At electronica 2016 Osram Opto Semiconductors is showcasing a four-channel laser that could make MEMS-based LIDAR systems (Light Detection and Ranging) for autonomous and semi-autonomous driving a reality. The prototype laser features an extremely short pulse length and four parallel output channels making it suitable for detecting objects and offering a unique vertical detection zone.
For the first time, the Laser will be used in scanning LIDAR sensors that employ micro-electromechanical systems (MEMS) that do not need a mechanism to redirect the laser beam. So, they are less susceptible to wear and tear. Osram Opto together with Innoluce, an Infineon Technologies AG company that specializes in laser scanner technology, is demonstrating what the future of LIDAR systems could be.
LIDAR systems measure distances based on a time-of-flight of a laser LIDAR transmits a very short laser pulse that hits an object, is reflected back and then detected by a sensor. From the time-of-flight of the laser beam, the system calculates the distance to the object. This new scanning LIDAR system can use MEMS to direct the laser to scan the surroundings of the car horizontally across a certain angular segment (120 degrees horizontally and 20% vertically). The directed laser pulses reflect back, and calculations produce a high-resolution 3D map of the environment.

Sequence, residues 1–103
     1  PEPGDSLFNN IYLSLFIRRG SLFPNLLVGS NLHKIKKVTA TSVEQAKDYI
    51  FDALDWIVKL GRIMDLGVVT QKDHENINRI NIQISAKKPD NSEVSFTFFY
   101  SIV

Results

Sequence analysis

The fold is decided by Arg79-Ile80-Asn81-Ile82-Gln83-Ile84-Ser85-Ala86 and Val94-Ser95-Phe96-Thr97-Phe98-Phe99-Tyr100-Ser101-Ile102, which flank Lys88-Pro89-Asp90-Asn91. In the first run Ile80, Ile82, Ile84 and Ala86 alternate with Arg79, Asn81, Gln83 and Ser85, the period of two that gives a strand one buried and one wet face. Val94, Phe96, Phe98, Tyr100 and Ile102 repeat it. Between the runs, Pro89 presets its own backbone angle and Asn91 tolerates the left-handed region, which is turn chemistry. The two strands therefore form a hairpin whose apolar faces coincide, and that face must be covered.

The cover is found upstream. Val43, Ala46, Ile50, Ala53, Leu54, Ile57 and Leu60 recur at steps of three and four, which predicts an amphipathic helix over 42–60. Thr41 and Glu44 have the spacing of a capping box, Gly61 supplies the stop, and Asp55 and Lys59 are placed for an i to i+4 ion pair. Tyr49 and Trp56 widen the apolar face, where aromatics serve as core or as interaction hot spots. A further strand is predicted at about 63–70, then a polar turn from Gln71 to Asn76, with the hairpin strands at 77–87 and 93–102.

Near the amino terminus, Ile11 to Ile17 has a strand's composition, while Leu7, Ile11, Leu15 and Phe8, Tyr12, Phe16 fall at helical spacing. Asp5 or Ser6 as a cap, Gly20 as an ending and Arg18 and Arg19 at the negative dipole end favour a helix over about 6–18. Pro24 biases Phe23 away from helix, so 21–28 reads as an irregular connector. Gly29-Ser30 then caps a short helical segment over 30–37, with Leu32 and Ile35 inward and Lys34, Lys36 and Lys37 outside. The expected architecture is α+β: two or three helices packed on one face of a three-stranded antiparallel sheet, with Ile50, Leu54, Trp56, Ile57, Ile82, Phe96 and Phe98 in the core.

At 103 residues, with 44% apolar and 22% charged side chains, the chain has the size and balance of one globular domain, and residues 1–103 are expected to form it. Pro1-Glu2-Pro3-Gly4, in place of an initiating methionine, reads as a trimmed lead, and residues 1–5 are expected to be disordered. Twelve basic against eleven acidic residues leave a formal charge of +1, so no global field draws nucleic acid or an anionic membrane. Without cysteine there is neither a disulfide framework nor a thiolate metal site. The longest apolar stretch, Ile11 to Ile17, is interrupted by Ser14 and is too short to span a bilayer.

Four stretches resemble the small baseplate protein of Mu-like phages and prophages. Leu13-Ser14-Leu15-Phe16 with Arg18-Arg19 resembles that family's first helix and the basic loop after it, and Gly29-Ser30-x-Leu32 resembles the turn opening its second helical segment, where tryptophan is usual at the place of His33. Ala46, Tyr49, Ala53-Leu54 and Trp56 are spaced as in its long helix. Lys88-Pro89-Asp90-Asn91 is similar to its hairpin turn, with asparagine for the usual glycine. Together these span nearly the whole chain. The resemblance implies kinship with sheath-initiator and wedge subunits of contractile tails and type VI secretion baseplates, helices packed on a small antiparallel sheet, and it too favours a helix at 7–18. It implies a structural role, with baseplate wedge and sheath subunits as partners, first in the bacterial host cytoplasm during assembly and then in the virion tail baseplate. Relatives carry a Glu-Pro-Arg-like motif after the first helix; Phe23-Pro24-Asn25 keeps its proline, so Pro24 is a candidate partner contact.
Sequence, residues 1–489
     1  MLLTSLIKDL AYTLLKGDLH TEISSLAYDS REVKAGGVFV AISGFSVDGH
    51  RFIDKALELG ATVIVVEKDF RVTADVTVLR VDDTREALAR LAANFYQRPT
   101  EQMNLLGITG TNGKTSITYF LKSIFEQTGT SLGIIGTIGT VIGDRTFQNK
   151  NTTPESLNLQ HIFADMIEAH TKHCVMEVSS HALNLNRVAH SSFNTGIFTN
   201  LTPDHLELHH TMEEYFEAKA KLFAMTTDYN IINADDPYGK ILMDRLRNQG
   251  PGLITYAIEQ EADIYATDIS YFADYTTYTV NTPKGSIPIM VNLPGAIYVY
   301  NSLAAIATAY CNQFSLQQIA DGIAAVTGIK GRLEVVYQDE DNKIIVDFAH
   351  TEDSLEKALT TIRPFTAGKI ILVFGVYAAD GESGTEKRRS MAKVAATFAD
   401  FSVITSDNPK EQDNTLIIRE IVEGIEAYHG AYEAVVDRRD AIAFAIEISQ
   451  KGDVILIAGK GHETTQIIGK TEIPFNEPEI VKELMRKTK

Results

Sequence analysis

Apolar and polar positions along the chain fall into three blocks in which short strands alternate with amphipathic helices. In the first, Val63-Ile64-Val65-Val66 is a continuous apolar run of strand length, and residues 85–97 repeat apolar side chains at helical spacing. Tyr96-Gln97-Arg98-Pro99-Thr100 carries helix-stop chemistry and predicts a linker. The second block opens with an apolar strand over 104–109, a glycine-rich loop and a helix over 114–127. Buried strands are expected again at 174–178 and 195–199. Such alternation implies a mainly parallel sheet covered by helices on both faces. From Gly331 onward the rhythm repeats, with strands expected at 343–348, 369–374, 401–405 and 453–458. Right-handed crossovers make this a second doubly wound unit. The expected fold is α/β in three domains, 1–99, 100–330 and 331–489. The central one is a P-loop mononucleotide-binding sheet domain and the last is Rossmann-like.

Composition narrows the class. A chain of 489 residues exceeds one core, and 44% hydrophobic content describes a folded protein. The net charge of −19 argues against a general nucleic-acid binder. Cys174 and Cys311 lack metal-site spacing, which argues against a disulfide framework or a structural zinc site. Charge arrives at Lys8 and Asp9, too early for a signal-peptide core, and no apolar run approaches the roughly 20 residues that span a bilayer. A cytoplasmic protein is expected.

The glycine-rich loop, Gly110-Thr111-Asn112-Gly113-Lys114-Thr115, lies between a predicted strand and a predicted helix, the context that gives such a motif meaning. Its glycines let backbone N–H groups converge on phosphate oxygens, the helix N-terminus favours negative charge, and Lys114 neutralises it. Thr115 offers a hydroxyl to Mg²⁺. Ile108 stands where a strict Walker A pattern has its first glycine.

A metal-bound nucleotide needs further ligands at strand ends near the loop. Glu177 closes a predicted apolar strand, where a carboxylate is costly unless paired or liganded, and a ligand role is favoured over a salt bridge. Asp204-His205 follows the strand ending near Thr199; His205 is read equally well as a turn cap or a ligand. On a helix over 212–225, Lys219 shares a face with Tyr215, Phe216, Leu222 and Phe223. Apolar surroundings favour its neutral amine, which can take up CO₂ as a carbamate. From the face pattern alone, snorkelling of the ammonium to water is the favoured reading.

The new LIDAR system is different that conventional LIDAR that mostly uses mechanical moving mirrors. Some other LIDAR solutions use of several laser diodes mounted on top of each other to extend the vertical field of view.
A single production step fabricates four laser diodes precisely into the laser bar aligned next to one another to emit four perfectly parallel 905 nm wavelength beams.
Samples of the new 4 channel LIDAR laser will be available from the early summer of 2017, with a market launch planned for 2018.